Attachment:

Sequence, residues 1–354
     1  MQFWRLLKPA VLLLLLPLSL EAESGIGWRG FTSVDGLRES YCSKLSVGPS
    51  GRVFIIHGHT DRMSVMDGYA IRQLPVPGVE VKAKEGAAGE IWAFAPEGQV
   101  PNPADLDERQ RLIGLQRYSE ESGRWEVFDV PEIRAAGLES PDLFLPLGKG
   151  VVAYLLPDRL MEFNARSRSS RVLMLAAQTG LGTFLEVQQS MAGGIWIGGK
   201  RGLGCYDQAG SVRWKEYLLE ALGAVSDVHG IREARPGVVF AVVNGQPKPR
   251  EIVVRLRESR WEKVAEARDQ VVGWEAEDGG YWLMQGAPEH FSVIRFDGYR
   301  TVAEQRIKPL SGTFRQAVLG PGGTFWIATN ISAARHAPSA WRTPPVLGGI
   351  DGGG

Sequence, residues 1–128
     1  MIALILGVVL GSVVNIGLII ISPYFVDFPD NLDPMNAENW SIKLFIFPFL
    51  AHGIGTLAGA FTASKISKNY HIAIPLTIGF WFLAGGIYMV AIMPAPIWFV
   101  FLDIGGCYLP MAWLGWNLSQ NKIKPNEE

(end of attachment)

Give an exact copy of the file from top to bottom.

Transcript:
Sequence, residues 1–354
     1  MQFWRLLKPA VLLLLLPLSL EAESGIGWRG FTSVDGLRES YCSKLSVGPS
    51  GRVFIIHGHT DRMSVMDGYA IRQLPVPGVE VKAKEGAAGE IWAFAPEGQV
   101  PNPADLDERQ RLIGLQRYSE ESGRWEVFDV PEIRAAGLES PDLFLPLGKG
   151  VVAYLLPDRL MEFNARSRSS RVLMLAAQTG LGTFLEVQQS MAGGIWIGGK
   201  RGLGCYDQAG SVRWKEYLLE ALGAVSDVHG IREARPGVVF AVVNGQPKPR
   251  EIVVRLRESR WEKVAEARDQ VVGWEAEDGG YWLMQGAPEH FSVIRFDGYR
   301  TVAEQRIKPL SGTFRQAVLG PGGTFWIATN ISAARHAPSA WRTPPVLGGI
   351  DGGG

Sequence, residues 1–128
     1  MIALILGVVL GSVVNIGLII ISPYFVDFPD NLDPMNAENW SIKLFIFPFL
    51  AHGIGTLAGA FTASKISKNY HIAIPLTIGF WFLAGGIYMV AIMPAPIWFV
   101  FLDIGGCYLP MAWLGWNLSQ NKIKPNEE